If you’re interested in increasing your endurance, consider an alternative: listening to your body. At the end of the week, if you’ve run 15 miles and feel great – without any pain or minor aches – consider running 16, 17, or 18 miles the following week. Conversely, if you run for twenty minutes each day, maybe consider adding just a few more minutes into your runs for a week and see how you feel. The important thing is that you don’t increase your mileage very aggressively because you have to allow it to reap the training adaptations that you’ve set out.
Jumping from 15 to 17 or 18 miles is reasonable, but going from 15 to 30 in a week’s time is fairly egregious. Don’t let your ego get ahead of you. It’s so much better to be conservative when you’re in the throes of building endurance because adding on too much, too soon, can throw an injury your way and set you back days, if not also weeks or months.
Give Your Running Muscles a Break and Get Stronger by Cross-Training. Runners often get injured because they’re constantly using the same muscles week after week, and unfortunately, running typically only lets runners move in one plane of motion, leaving them with vulnerable and with potential muscle imbalances.
Cross-training – that is, participating in other non-running exercises – is a great way to give your “running muscles” a break but also still get in a solid workout: and one that can help you build your endurance, too. Runners often enjoy swimming, pool running, or even cycling on their non-running days, and these no-impact activities can do wonders for runners’ bodies, as they let them take a momentary break from the incessant pounding that running brings.
Run Trails. Trail running can not only be a wonderful escape from the monotony of running pavement or city streets, but it can also be a great way of increasing your endurance. Trail running can take many different shapes – such as flat and shaded forests, all the way up to technical, exposed, hilly single tracks up the side of a mountain, and everything in between – but what matters most is that trails can incur a lot of benefits to runners that they don’t necessarily get from running on roads.
Trail running helps increase runners’ endurance because usually, trail running offers more challenging terrain – sometimes technical, sometimes steep, and sometimes both – and by working against gravity and/or the varying terrain, runners’ typical paces on trails are usually much slower than what they post on pavement; for example, if you’re an 8-minute road miler, you may very well be a 12+ minute trails-miler, depending on the terrain and elevation. Incorporating trails into your running can help you gradually increase your endurance, and as an added bonus, it can also give you an amazing change of scenery for your weekly runs. Plus, trails are often gentler on the body than pavement.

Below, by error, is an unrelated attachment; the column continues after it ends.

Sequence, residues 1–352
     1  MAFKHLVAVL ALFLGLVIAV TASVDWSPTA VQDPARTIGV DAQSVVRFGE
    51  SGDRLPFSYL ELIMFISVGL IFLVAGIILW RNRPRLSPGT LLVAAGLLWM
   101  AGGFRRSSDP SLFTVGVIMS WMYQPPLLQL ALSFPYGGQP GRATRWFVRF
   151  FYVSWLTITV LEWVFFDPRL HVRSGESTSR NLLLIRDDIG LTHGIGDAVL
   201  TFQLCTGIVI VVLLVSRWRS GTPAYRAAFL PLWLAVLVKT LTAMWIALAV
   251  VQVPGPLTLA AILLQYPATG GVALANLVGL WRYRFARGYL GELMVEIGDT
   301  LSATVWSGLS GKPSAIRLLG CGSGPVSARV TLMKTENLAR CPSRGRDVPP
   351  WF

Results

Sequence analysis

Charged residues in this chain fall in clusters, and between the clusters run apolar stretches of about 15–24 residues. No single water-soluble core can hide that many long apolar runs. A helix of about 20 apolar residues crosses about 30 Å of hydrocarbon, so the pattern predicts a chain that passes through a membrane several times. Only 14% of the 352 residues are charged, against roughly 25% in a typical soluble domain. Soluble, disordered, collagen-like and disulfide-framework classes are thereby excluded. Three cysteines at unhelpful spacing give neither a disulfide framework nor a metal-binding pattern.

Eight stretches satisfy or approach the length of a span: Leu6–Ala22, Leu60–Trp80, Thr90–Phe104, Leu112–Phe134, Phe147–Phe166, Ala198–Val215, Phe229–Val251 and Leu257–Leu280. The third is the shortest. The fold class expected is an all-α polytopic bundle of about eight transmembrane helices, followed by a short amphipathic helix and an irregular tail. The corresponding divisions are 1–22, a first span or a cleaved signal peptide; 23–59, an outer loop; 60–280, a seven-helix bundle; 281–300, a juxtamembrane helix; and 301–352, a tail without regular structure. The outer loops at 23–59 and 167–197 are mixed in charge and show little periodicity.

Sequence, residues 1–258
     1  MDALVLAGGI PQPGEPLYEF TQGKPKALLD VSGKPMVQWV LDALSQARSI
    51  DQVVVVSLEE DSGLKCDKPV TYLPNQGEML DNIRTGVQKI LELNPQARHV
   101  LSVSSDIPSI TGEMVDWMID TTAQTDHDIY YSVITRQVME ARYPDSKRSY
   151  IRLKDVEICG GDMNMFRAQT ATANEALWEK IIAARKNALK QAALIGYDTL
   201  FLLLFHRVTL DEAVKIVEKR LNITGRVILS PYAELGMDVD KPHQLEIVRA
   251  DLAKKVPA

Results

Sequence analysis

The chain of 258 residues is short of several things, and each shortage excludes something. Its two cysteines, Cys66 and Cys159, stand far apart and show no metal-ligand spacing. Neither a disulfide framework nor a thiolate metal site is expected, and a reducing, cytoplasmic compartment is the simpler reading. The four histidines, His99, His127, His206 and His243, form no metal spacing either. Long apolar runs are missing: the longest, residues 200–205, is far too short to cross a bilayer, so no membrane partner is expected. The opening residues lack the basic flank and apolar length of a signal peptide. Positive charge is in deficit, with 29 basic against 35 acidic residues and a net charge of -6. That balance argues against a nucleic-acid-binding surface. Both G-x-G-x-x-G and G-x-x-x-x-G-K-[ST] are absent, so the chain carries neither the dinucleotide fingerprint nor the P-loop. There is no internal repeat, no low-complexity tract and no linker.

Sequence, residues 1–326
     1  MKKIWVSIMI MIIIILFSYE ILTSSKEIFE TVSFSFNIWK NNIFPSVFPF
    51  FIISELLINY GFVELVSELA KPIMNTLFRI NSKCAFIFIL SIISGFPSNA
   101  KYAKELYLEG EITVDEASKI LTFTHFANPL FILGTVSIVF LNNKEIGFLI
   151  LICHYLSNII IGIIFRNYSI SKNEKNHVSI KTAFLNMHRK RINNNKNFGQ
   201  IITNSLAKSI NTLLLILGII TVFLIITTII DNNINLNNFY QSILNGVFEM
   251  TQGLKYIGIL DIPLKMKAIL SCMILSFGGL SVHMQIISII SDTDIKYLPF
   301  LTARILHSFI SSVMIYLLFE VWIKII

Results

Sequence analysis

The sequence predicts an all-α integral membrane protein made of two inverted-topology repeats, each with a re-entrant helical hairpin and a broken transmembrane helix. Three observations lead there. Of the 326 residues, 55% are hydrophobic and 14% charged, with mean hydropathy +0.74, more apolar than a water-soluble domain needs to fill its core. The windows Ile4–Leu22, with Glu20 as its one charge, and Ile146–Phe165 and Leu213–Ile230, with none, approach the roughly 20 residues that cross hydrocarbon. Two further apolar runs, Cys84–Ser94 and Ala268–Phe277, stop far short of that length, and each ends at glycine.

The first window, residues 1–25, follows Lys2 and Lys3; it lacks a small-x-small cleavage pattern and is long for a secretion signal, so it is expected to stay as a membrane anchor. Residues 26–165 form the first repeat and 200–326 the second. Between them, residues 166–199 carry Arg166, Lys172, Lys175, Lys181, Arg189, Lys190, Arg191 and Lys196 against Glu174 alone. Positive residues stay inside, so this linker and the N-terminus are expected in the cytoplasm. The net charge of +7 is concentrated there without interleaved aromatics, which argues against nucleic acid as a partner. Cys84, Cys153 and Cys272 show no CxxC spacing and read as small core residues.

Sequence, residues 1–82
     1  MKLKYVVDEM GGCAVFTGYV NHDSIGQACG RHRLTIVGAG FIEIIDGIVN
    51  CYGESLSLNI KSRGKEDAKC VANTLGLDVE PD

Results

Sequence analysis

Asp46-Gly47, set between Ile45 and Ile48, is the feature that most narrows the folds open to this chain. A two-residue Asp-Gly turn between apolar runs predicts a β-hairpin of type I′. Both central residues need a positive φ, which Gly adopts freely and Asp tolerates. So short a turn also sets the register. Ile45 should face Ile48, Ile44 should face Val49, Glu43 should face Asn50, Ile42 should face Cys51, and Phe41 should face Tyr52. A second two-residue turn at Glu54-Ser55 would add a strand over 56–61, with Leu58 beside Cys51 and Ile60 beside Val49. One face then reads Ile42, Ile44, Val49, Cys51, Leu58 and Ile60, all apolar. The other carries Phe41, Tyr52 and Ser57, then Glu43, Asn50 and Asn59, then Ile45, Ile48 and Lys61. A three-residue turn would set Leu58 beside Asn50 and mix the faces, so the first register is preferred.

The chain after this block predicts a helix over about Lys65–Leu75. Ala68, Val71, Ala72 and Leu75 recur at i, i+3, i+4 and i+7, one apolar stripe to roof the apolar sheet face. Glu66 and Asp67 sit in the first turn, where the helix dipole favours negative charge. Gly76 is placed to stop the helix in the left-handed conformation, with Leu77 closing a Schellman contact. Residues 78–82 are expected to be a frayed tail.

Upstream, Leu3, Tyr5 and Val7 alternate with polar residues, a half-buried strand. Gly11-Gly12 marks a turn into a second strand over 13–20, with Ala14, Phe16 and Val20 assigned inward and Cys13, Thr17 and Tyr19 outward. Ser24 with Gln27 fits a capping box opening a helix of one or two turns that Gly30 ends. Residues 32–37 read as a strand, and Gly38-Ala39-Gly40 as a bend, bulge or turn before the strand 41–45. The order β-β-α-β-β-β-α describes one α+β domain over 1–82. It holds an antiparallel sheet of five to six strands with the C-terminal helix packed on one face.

Coach Knows. If you’re really interested in upping your endurance as a runner, you might also want to consider hiring and working one-on-one with a coach. Using a coach will help you remove the guesswork from developing your own running program because coaches can usually develop training specific to you, catering to your own personal strengths, weaknesses, and history; more importantly, though, coaches are trained – and typically have many years of personal experience with running, themselves, and with coaching others – to create training plans that safely elevate runners’ endurance week after week.
Working one-on-one with either an in-person or virtual running coach can help minimize some of the risk that running brings and thus, help you avoid injury while also helping you increase your endurance and your aerobic capacity. Do a fair bit of research before signing-on with just anyone, though; personal fit between athlete and coach matters.
Hopefully my personal words of advice above will help you safely increase your endurance as your interest in running longer distances increases. More than anything, I cannot implore you enough to take things slooooooooowly and to be very conservative, especially when you’re first starting out. You don’t want to be the prototypical injured runner who did things too much, too fast, too soon, so even if you think you’re totally capable of handling longer distances or faster speeds, don’t. Just like with all things running: one step at a time, my friends.
Writing from Copenhagen, Denmark, Dan is an entrepreneur, husband and ultramarathon distance runner. He spends most of his time on runnerclick.com and he has been featured on runner blogs all over the world.